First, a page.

This morning I received an email from a friend of mine who is a missionary in Mexico. I usually hear from him about once a week and we briefly tell each other how we can be praying.
He shared about his interns being too comfortable and needing to come to the end of themselves. He knew he couldn’t be the one to bring them to that point, but wondered at least how he could lead them down that road.
It got me thinking about our expectations for others, and the long journey it’s taken me to come to the end of myself. Every time I think I’m at the end, it seems Jesus is there tugging me forward saying, “That was just a resting place. It’s not the end.” Have you been there?
What Do You Expect?
Unmet expectations are the source of all kinds of conflict, whether in marriages or friendships or the workplace. This is especially true when the expectations are unrealistic. Much of the time, I believe they are.
- We expect others to meet our needs completely, when there is only One that can fulfill us (and it’s not your spouse or significant other).
- We have too high expectations of ourselves and get frustrated when we don’t meet those. (Come on, I’m not the only one am I?)
- We have expectations that others need to be where we are spiritually and if not try to get them there. (Is that really our job? Check out 1 Corinthians 3:5-9).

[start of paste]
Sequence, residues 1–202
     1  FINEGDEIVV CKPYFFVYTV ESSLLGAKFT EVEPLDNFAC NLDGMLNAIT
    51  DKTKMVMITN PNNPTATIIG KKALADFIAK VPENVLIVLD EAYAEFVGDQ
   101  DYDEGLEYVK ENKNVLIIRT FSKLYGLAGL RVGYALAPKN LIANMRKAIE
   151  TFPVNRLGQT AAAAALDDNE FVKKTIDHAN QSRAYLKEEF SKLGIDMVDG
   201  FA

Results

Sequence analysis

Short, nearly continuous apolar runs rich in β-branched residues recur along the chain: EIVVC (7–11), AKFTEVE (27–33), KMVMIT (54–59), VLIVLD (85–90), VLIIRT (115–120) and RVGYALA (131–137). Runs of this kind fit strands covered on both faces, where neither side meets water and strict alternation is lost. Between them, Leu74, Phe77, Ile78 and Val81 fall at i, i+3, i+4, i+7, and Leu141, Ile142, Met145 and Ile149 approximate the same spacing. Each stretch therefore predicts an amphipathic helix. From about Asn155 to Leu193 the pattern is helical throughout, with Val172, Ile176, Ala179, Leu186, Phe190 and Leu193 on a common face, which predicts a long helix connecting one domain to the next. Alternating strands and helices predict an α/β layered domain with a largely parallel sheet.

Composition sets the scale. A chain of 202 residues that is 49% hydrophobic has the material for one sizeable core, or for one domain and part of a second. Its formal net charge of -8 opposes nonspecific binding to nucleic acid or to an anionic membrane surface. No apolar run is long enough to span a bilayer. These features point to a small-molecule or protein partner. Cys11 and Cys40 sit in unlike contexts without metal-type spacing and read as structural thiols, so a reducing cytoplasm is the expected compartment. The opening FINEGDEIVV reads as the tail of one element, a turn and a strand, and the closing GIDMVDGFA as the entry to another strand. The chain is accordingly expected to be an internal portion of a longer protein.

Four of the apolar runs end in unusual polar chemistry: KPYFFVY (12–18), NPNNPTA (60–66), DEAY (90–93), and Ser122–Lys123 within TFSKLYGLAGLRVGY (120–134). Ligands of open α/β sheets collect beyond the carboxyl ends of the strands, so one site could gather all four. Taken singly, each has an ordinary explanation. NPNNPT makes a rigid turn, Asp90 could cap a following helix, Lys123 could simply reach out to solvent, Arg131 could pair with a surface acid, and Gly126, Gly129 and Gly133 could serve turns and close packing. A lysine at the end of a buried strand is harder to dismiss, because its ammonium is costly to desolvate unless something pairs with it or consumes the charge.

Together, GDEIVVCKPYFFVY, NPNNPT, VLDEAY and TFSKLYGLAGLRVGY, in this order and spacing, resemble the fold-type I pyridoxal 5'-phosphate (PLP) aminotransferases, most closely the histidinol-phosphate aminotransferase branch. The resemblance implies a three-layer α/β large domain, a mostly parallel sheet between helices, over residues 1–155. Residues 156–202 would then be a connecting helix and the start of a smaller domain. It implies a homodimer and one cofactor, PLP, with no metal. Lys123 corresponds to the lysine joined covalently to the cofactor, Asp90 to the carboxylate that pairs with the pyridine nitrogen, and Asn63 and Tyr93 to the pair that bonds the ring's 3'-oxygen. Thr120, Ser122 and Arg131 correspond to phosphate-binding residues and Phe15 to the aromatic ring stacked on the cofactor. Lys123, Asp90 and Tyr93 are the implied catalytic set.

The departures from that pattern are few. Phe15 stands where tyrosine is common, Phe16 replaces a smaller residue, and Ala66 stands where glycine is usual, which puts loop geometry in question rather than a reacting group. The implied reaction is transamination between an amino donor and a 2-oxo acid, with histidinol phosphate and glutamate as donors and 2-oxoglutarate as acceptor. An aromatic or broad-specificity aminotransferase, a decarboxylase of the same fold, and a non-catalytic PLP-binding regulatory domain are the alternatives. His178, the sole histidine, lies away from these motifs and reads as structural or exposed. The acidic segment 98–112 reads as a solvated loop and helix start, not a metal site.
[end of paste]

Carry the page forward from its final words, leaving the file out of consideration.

- We expect other people to behave like us, respond like us, and communicate like us. We forget that we are each fearfully and wonderfully made. We fulfill different roles in the body, and our uniqueness is from the Lord (Sometimes it feels like it’s from the devil, though, right?)
Often we feel that we have a right to lead people down the road to meet our expectations, especially when it comes to spiritual matters. I know from experience. I’ve felt that way before, and I shake my head when I remember some of those moments. (That was before my Phari-sectomy).
God Has a Process
Does God want us to come to the end of ourselves? Absolutely. Can He use my friend as a part of that process? I’m sure He will.
The danger, I believe, is when we try to take on that process ourselves. Very rarely does any good come from trying to short-circuit God’s timing. (Just take a look at Abraham, Joseph, and any number of Bible characters who tried).
When we try to usurp the activity of God in someone’s life, we reveal a lack of trust in God and His work and growth in that person. Yes, he can absolutely use us to be a part of that process. So what role do we play in that?
What is My Part?
According to 1 Corinthians 3, we plant and we water. We are not in charge of growth. That is God’s domain. What does planting and watering look like? There’s not a specific formula for each person, and I’m not trying to set forth principles to live by but ideas to embrace.
When someone doesn’t meet your expectations, forgive them. When you don’t meet your own, forgive yourself. Extend forgiveness frequently and generously.
ANOINT WITH GRACE AND MERCY
Be willing to shower people with God’s grace and mercy. Let go of unrealistic expectations and ask God to show you those when they occur.
Above all else, listen. Listen to Father for the gentle nudges that can help you walk alongside your brothers and sisters. Listen to your fellow believers as they share their struggles and what God is showing them. Help them navigate and nurture their relationships with Father and fellow believers.
May we be rich in mercy and slow in our criticism of those who love Jesus and may not be as far along as we are or as far as we think they ought to be. May we learn to see the beauty in our uniqueness and value our differences.
Do you struggle with imposing expectations on others? How do you respond when others place those on you?
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